This reminds me of the first argument I had regarding the merits of mechanical VU meters over LED.
Yeah, we like vintage stuff, especially with those big VU meters. Hell, I was looking at the specs of the Pioneer SX-1980 the other evening and thought what a beast this must have been in the 1980s. At 270W this is certainly by no stretch of the imagination much in modern times thanks to PWM, Class D and mounted on a one inch square heatsink.
What to look for when starting out – Electronic circuits for beginners
What is the attraction behind electronics? This is a sore topic in many South African circles chiefly because the architects of education are failing the academia, the principals and the teachers. This in turn fails the learners, our future. This article, “Electronic Circuits for beginners” was written for grade 8 learners and in subsequent articles will hopefully add some value and direction to your schooling. Education does not stop when you leave the classroom.
Anybody whom loves reading should get a copy of the book “Elon Musk – How the Billionaire CEO of SpaceX and Tesla is shaping our Future” by Ashlee Vance. Musk has all the makings of not just a great scientist and entrepreneur but a great leader. He is regarded somewhat as an opportunist. Ditto Bill Gates and the gone but never forgotten Steve Jobs.
One of our readers, 13 year old Craig wants to know why we don’t do reviews, especially on docking stations. Unfortunately as we don’t retail products and neither get support from resellers or manufacturers in this beautiful land of ours this can be pretty difficult unless we go out and buy the stuff ourselves.
What I can tell you is that over the years a common problem picked up is dirty or broken contacts in the dock which although replaceable does make it a weak link in the interface. Line inputs are a better way to go but now that from Bluetooth 2.0 and up, wireless seems to be the cheaper and more practical way to go. Docking stations are still popular but the home user wants more exciting permutations. Continue reading “Micro and Mini sound systems versus Dock”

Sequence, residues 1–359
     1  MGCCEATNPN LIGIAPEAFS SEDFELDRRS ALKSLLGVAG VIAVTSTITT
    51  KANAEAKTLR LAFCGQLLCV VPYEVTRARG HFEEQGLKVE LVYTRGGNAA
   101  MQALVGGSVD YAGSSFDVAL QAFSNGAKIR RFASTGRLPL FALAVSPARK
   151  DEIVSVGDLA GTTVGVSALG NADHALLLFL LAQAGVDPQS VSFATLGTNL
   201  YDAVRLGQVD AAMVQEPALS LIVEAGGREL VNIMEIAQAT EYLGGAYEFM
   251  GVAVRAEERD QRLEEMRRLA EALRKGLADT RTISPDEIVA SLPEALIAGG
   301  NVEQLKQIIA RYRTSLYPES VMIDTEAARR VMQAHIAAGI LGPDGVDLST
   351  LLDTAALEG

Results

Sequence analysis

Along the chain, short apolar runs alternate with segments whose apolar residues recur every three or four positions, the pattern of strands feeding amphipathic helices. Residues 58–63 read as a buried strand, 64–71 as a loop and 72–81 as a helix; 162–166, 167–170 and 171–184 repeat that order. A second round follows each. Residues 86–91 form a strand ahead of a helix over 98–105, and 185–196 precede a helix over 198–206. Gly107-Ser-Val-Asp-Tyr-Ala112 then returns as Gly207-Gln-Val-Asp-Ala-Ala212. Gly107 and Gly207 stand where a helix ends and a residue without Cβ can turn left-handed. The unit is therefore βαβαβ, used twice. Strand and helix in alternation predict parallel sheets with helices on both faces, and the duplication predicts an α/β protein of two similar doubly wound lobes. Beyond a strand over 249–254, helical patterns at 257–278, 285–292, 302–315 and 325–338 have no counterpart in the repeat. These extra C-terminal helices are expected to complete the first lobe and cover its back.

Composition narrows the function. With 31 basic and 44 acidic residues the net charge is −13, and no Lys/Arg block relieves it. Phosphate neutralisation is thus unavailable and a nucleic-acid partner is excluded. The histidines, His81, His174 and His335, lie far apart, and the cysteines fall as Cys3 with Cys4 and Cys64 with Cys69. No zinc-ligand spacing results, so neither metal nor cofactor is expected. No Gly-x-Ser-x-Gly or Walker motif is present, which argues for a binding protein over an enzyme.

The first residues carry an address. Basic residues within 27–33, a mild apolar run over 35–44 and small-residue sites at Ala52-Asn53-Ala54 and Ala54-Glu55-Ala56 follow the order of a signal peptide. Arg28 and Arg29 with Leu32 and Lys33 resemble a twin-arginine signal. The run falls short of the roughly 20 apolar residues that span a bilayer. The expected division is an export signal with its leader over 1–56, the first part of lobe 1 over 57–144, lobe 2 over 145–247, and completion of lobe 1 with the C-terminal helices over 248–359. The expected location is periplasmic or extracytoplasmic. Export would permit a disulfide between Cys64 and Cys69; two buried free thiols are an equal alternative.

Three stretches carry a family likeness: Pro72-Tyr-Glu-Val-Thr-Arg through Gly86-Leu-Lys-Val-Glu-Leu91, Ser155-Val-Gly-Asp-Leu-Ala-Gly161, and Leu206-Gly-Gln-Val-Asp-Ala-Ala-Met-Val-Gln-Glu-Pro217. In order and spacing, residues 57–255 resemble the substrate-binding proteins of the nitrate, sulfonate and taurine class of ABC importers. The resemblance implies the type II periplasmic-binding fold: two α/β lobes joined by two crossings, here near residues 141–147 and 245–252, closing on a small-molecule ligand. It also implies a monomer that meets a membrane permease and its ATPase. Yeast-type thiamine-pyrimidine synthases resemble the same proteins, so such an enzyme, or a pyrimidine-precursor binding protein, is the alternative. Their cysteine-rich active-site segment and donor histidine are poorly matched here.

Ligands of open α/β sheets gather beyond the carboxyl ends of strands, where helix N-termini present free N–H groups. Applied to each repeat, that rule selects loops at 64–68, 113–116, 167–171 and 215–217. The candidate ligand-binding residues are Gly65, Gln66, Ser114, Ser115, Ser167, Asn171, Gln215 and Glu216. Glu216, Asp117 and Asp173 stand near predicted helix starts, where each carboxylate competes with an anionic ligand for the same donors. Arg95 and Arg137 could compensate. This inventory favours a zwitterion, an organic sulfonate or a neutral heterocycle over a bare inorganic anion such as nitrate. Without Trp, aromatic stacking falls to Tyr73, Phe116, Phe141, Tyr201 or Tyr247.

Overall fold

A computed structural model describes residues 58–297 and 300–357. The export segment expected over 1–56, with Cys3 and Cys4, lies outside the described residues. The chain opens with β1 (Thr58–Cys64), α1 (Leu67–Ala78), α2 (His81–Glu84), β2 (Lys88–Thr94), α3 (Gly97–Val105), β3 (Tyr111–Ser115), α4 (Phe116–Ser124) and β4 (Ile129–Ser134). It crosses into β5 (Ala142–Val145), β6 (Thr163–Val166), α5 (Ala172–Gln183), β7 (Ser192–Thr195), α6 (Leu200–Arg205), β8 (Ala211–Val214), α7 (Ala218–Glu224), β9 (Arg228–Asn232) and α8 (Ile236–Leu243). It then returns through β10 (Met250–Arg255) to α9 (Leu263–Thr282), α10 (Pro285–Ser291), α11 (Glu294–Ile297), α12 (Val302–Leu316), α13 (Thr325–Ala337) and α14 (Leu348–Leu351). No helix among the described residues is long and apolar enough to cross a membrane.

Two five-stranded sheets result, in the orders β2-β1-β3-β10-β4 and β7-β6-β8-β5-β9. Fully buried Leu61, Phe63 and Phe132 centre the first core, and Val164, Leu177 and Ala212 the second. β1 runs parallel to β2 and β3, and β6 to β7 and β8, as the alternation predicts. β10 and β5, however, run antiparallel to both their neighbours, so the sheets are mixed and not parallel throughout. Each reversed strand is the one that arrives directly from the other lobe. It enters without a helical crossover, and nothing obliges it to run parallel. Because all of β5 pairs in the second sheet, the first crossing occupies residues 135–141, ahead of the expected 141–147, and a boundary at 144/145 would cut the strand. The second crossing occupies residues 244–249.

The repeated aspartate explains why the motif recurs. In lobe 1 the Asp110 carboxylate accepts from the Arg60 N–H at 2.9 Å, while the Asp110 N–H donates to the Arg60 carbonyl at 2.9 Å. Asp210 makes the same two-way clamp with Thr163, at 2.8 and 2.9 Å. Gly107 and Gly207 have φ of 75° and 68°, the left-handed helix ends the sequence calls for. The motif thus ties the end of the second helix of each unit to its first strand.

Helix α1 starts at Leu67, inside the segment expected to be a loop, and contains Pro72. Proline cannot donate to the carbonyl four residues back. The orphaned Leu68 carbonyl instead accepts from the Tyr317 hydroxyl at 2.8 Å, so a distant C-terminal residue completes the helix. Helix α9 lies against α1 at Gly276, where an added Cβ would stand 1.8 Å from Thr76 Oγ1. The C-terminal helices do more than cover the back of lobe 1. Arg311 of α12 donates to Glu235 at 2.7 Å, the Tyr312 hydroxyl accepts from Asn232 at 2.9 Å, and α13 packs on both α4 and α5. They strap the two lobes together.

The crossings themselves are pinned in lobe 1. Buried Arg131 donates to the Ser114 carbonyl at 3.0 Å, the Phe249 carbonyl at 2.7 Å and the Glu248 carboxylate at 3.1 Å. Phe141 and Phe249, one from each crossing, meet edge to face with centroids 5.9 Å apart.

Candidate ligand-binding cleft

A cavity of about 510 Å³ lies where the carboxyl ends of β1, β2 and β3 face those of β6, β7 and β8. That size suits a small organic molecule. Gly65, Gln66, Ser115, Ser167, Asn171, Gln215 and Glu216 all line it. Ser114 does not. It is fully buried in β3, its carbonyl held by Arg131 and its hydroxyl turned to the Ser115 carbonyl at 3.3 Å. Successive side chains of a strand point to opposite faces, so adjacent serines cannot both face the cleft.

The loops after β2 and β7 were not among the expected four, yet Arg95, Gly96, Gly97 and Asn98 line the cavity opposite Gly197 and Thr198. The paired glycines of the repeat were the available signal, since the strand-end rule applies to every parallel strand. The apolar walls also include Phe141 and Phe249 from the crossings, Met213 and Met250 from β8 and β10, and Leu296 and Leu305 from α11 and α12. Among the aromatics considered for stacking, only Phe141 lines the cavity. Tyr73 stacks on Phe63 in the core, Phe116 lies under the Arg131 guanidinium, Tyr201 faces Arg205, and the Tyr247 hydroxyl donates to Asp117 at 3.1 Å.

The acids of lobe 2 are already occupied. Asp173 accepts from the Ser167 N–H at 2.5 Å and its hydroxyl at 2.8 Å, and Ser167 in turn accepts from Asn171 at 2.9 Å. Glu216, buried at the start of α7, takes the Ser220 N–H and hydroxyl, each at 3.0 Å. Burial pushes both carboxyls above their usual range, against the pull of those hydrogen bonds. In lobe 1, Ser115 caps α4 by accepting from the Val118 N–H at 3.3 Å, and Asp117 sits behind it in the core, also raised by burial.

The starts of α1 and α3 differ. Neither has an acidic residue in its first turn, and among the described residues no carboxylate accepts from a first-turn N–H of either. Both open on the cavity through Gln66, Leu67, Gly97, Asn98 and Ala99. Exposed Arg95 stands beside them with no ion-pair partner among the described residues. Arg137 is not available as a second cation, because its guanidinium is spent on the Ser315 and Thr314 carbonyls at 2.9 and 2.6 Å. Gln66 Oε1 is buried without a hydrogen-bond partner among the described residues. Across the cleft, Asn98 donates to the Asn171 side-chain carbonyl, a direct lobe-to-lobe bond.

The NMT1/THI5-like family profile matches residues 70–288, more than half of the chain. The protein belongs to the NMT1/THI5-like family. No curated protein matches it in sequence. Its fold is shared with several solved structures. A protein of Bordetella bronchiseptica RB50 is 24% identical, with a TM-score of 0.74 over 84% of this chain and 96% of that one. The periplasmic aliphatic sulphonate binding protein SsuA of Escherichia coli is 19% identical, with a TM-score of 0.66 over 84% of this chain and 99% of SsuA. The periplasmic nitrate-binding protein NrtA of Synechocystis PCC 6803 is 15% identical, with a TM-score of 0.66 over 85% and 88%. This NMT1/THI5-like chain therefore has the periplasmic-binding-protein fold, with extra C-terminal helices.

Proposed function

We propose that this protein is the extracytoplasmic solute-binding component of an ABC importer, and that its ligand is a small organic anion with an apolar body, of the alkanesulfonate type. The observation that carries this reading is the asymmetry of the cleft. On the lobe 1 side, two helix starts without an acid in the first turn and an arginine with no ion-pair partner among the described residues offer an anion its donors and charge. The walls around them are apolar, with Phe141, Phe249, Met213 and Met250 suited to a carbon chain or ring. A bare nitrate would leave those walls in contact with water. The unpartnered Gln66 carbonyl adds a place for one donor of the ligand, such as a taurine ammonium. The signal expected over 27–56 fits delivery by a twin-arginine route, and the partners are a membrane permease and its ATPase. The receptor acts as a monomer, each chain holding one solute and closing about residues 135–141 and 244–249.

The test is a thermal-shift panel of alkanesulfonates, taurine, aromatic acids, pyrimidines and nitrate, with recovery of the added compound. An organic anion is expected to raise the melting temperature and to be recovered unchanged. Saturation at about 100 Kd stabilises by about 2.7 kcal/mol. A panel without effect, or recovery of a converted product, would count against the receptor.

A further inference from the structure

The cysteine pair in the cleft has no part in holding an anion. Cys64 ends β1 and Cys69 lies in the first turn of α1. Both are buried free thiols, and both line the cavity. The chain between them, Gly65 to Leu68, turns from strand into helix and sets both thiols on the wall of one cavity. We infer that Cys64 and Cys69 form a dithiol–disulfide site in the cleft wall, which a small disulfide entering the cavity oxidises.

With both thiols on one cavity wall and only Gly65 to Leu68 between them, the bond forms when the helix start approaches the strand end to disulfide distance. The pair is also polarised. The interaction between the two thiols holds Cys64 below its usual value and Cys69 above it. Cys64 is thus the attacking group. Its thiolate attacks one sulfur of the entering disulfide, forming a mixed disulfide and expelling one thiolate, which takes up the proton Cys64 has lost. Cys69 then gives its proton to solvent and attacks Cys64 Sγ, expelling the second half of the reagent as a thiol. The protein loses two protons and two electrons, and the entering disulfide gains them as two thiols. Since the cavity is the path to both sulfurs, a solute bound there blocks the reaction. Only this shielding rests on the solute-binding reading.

The Internet of Things – better things to come still
We recently ran an article called “IoT – A cynics viewpoint of the Internet of Things“. The thing is it wasn’t that cynical. Nowadays we have Cloud Services, simply put, running our applications on a rental server. As luck would have it, both are a going to be a requirement, if not now, in the very near future.
In a previous article on Patchbays and the author’s own dilemma at having to switch different components in an audio system using XLR and TRS connectors, it made sense to investigate real world examples of what other enthusiasts are doing to complete their kit. Continue reading “Multiplexers (and demultiplexers)”
Audiophile Class D – Part Two – Practical Examples
Just before we get started, Kenneth, a reader wants to know why if we claim to be “Analogians” why we keep on harping on Class D? I think an explanation by way of clarification is necessary.
Kenneth, although the name of the website is a play on words, my name is Ian, we do understand the importance of digital electronics. Actually just as important and in many cases more so than analogue. I do not think that a switching amplifier is indeed a digital device even if the PWM and switcher itself are controlled by DSP. The raw class D amplifier has a triangle waveform generator, a comparator and PWM. If digital is all around bit-rate and 0s and 1s at a predefined 5V level then this is surely not digital. Just as if a rail shifting amplifier can be made to switch to various voltage levels through a digitally controlled switch it does not necessarily make the amplifier a digital one. What does seem to be the tendency is that switching amplifiers are being termed more “digital” now than ever and this is going to stick. Possibly we do need to have a more inventive description however.
Simplifying matters with the Arduino Due – Digital Stomp Boxes
Stomp boxes have been with us for ages, giving Hendrix, Slash, Gilmour and Page their famous signatures. Of course the older stomp boxes were tube and semiconductor devices, the diodes and transistors used being more often the Germanium type and even today the Ge semiconductor is a sought after commodity for it’s own unique blend of sound. Continue reading “Applying Digital Electronics to Stomp Boxes”